#DOWNTOWNISUNDERWATER

Ask a tourist visiting anywhere in Northeast Florida why they chose to come to this small dot on the globe and the majority will say something about the scenic waterways — beaches, Intracoastal Waterway, springs, rivers and tributaries. These pre-installed tourist attractions are good for our collective pocketbook, but if a growing consensus of global scientists are proved correct regarding the impact of climate change and rising sea levels, those same waterways, combined with a lack of vertical geography, will put residents of the region in harm’s way.

“We’re way behind the ball,” says Marc Hudson, land protection director with North Florida Land Trust. “Jacksonville really needs to come to bear on the issue; much of our riverfront is definitely susceptible to serious storm surges, including newly proposed billion-dollar developments like the Shipyards, and with many tributaries to the St. Johns spread throughout our community, the possibility for impacts is wide-ranging.”

Sea level rise may bring to mind an image of water breaching the sea wall around homes on the river, but that picture is only a rough sketch of the magnitude of the seriousness Northeast Florida faces. Buried utilities, such as power, sewage, and water lines, don’t interact well with saltwater. Toxic brownfields that end up underwater pose a number of health and safety concerns, as do buried petroleum storage tanks and other pockets of buried chemical waste. Most stressing will be the impact on the community’s drinking water. Saline intrusion into the aquifer will make some well water undrinkable. In short, it will be a struggle of resources.

The issue of sea level rise falls into two categories: gradual sea level rise and severe events. A Hurricane Sandy or Katrina type of event leaves thousands of people in distress, not to mention the economic damage levied. No matter the caliber of accounting skills mayor-elect Lenny Curry has under his belt, a storm recovery could tick into the billions of dollars.

“We are facing multiple, urgent problems that need to be addressed,” says Sarah Boren, executive director for the U.S. Green Building Council, a nonprofit focused on sustainability. “Inaction is not an option anymore. We have the pro-business innovative solutions right now at our fingertips.”

The dialogue on climate change and increasing sea level rise is starting to bubble; the goal is to bring it to a boil. In response to an action item contained in First Coast Vision — a 50-year plan for the seven-county district — a new group was created by the North Florida Regional Council (NFRC). On its website, NFRC asked the community for input and opinions concerning climate change. Sea level rise was overwhelmingly what the community asked the council to look into.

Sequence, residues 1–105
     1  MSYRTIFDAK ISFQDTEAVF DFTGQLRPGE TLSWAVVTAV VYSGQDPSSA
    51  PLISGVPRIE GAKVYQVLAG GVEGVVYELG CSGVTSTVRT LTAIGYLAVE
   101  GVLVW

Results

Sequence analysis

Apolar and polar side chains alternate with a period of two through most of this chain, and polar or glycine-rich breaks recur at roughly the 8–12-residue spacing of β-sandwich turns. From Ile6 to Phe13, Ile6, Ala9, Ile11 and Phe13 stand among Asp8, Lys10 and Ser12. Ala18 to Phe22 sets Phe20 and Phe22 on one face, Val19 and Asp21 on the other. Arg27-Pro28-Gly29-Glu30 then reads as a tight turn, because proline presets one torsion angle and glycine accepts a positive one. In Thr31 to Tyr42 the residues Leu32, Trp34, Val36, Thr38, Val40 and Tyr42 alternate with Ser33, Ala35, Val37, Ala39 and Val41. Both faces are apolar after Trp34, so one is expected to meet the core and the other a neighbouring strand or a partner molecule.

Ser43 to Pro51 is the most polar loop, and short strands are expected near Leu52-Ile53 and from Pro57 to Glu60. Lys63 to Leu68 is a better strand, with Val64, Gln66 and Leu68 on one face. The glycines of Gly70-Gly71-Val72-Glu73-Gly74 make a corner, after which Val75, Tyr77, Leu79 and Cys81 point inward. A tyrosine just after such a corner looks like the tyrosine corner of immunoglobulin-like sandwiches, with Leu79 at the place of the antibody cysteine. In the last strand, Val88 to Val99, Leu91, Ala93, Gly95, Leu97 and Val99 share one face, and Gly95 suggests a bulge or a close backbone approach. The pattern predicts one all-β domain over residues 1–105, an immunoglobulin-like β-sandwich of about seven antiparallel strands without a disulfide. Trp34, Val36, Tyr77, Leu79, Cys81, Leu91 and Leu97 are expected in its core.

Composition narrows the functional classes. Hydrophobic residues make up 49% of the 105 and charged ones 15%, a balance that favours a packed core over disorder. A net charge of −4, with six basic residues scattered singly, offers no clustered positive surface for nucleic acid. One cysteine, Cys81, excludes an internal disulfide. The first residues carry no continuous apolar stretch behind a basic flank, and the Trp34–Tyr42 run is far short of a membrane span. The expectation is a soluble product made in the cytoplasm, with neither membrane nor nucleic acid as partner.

NFRC created P2R2, a new group focusing on resiliency (the buzz word for preparing for and combating the effects of sea level rise) through connecting the public and private sectors, made its soft launch in May with an op-ed in The Florida Times-Union, and its hard launch kicks off on July 16 at Museum of Contemporary Art Jacksonville, in conjunction with Regions Bank. The group will announce its action items, its process, its partners, and how the community can get involved. P2R2 will be a working an arm to create incentives and to get companies to think about long-term plans for doing business in Northeast Florida.

The Regional Community Institute of Northeast Florida Inc. — a nonprofit created by NFRC — weighed in on some policy issues. One of them was to focus on what could be accomplished without waiting for national or international solutions to appear and to get the business community on board. Without the business sector behind the push, sea level conversations (and the larger climate change conversation) would be just another party of one led by conservationists. After all, the political will follows the business sector.

“It’s not a partisan issue. It’s an issue of the community. Are we preparing ourselves, whether it be for sea level rise or the aftermath after of a hurricane or a man-made disaster?” asks Brian Teeple, chief executive officer of NFRC. “If we are resilient, then we bounce back from or avoid bad things. That makes us unique, and I think it makes a very attractive place for us to live. Frankly, if you’re on the economic development side, it makes us a very attractive place to do business, too.  It’s not a Republican versus Democrat issue. It’s not a developer versus conservationist issue.”

And while it may not be a partisan issue, in theory, the reality is that our gubernatorial leadership is not only inactive about climate change, but censoring state workers from speaking about it publicly.

Recently, Dutch sea level rise expert Henk Ovink — who’s currently working with the Hurricane Sandy Rebuilding Task Force to make the Northeast portion of the United States more resilient after Hurricane Sandy caused an estimated $65 billion-ticket in damage — told the Miami New Times, “It’s scary that the state of Florida briefed staff not to talk about climate change. When you think about future risks and how to deal with them, that is not the right approach. You have to address those issues and come up with a strategy. It’s an opportunity.”

About EU Jacksonville

october, 2021

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